It is unclear how the name ‘Visakhapatnam’ came into being. Some believe that the region got its name from its first ruler- King Visakha Varma while some opine that the city was named after the second son of Lord Shiva. There are several adaptations forwarded by the historians about the early history of Visakhapatnam, each narrating an intriguing tale of the city’s past. Several Hindu kingdoms such as the Vengi, Chalukyas, Pallavas and Cholas held their dominance over the land. However, with the fall of the Cholas, Visakhapatnam fell under the supremacy of the Mughal Empire. During the Mughal diktat, the province was a part of the Nizam Empire in Hyderabad. During the 18th century, the city became an important trading centre for the European merchants especially for the French and the English traders before the East Indian Company annexed it. Trail this article to explore the historical past of Visakhapatnam and delve deep into its glorious past.
Early Historical References
The early reference of Visakhapatnam can be trailed down to the Hindu epics of Ramayana and Mahabharata. As per the mythological evidences, both Rama and Lakshmana wandered through the forest in this region in search of Sita. Again, there are legends, which suggest that this was the place where Rama formed his army of monkeys. Visakhapatnam has also been mentioned in a few Buddhist texts, which states that a section of Visakhapatnam was a part of the Kalinga kingdom during the 5th century.
Rule Of Hindu Kingdoms
Visakhapatnam has been under the supremacy of several Hindu kingdoms, the oldest kingdom being the Vengi Empire. With the overthrow of Vengi Empire, the dominance of Kalinga dynasty came to the fore before the land was passed on to the Mauryan Empire and then later to the Chalukyas. Several years later, with the fall of the Chalukya Empire, Chola dynasty ascended to the throne. Visakhapatnam also witnessed a brief rule of the Pallava dynasty. During the 10th and 16th century, the city, however, was torn between the power struggle of Surya Vamsi Gajapati kings of Odisha and the Chola emperors. Towards the end of the 15th century, the Mughal dominance in northern India extended its wings to the southern parts of the country. The city was conquered by the Nizam of Hyderabad and remained under it until the early 1600’s.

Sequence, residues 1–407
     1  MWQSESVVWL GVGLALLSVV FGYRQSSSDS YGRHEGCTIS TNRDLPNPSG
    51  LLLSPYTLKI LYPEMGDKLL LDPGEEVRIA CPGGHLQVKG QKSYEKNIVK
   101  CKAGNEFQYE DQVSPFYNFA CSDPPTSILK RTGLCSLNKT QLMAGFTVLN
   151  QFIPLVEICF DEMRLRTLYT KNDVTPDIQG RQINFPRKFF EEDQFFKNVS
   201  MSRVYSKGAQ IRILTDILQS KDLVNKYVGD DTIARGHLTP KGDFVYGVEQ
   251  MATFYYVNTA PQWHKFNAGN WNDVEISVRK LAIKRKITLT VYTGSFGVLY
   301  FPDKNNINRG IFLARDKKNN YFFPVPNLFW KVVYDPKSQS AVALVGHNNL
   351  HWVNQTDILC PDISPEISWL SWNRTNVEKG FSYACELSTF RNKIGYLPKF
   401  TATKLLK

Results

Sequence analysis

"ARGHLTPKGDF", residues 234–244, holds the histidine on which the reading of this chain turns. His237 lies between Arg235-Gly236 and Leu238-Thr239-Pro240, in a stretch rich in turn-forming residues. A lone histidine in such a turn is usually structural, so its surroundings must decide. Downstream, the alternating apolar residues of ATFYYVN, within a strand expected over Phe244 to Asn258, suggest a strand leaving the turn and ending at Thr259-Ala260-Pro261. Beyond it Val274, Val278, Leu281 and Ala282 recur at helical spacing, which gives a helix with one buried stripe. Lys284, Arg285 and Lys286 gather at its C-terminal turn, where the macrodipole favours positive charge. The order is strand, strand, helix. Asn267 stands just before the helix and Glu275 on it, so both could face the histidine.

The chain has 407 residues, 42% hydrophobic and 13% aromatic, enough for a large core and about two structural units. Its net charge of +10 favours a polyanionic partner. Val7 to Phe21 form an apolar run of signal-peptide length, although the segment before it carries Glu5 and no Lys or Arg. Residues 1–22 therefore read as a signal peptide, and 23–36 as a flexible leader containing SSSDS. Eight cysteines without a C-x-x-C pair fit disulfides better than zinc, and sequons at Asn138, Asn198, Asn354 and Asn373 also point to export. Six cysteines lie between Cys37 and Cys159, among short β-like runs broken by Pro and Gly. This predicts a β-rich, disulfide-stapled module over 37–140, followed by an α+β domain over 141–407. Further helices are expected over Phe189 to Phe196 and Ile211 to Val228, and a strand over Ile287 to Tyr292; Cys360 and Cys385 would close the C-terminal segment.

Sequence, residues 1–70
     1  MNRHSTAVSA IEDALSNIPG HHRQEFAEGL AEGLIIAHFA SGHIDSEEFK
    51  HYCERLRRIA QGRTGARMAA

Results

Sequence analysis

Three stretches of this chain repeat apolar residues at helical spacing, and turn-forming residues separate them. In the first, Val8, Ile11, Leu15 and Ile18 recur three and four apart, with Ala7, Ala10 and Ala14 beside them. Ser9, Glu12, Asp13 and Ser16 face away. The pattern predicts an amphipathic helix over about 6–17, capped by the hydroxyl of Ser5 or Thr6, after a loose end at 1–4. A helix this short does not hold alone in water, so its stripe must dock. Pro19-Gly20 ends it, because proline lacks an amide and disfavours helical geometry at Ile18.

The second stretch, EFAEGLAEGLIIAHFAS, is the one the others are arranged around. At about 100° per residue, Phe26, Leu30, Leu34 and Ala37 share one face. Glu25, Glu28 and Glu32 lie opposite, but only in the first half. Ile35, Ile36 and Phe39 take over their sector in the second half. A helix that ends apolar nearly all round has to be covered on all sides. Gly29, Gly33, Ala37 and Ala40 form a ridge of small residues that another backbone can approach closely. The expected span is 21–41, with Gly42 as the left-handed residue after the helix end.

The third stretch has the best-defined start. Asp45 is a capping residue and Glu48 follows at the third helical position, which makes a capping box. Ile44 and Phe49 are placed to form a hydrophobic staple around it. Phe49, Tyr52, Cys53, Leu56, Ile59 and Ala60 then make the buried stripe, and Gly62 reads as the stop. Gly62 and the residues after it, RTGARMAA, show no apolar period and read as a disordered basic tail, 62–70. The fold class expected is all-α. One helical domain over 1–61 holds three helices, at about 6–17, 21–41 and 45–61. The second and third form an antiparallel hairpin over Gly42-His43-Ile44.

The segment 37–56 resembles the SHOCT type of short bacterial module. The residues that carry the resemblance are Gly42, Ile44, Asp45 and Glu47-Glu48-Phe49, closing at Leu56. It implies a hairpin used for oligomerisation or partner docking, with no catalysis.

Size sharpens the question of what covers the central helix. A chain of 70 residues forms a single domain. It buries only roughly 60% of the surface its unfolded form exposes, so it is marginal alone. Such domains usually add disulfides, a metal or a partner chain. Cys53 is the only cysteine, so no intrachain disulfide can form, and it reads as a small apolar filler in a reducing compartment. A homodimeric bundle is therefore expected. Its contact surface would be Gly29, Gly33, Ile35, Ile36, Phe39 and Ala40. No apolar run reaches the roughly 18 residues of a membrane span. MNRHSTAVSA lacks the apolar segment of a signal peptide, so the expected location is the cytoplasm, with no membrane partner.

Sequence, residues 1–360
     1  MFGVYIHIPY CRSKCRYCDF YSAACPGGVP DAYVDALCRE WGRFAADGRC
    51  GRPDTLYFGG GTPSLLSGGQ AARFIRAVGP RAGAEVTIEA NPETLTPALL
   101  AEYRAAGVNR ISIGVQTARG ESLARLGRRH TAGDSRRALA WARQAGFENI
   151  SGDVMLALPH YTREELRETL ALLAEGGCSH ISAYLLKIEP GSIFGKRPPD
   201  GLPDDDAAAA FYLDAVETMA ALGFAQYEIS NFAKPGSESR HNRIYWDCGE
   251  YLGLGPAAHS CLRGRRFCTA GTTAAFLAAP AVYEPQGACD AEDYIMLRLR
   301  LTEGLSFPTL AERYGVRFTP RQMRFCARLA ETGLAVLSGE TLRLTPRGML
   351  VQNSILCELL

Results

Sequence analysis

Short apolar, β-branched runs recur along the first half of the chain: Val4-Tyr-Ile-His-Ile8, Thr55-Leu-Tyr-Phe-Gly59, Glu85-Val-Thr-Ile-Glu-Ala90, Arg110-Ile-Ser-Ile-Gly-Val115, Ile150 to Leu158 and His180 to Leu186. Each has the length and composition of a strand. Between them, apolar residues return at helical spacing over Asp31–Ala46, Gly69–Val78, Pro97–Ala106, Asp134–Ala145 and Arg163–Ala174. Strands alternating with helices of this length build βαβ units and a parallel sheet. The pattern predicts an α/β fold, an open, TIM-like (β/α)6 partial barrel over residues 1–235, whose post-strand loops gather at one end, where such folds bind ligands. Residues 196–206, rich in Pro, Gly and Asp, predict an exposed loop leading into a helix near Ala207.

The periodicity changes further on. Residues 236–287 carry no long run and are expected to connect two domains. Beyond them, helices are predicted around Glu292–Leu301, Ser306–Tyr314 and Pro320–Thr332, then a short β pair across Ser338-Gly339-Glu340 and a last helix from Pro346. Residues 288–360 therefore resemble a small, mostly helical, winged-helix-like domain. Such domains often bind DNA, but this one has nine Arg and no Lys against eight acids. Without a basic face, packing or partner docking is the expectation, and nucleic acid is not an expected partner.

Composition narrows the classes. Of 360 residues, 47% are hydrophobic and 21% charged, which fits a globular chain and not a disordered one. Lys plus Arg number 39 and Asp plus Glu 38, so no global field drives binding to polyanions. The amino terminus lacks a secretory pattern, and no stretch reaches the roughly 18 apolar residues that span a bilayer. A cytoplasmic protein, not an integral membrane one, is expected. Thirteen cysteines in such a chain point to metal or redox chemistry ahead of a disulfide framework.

French And British India
After the decline of Muslim rule in the country, French merchants took over the land. Apart from being an important naval base, Visakhapatnam also served as a well placed trading seaport for tobacco, ivory, muslin and other goods. When the East Indian Company entered the continent, they wanted absolute monopoly over the Coromandel Coast, which led to several combats in this region. The Battle of Vizagapatam in 1804 demolished the French rule in this region. Later under the Madras Presidency, Visakhapatnam merged as a part of the Northern Circars that also included parts of coastal Andhra Pradesh and Orissa. The place was renamed and came to be known as Waltair by British India. It was only after independence that the town got back its former name. During the Second World War, Visakhapatnam was the only region in the continent that was attacked by Japanese fighter planes.
After 1947, independent India went through several changes with regard to its territories. The former region comprising of Visakhapatnam was considered one of the largest territories in India and was thus broken down into three separate territories. Srikakulam, Vizianagaram and Visakhapatnam were the three separate regions that came into being. The effects of the World War II, Indo-Park War in 1971, and Bangladesh Liberation War were also seen in Visakhapatnam after which India understood Visakhapatnam’s importance and decided to set up an Eastern Naval Command in this region. Since 1949, Visakhapatnam has served as a dockyard for several torpedoes and other heavy vessels as well as has been accountable for research and development activity of many warship equipments, advance military technology and nuclear weaponry.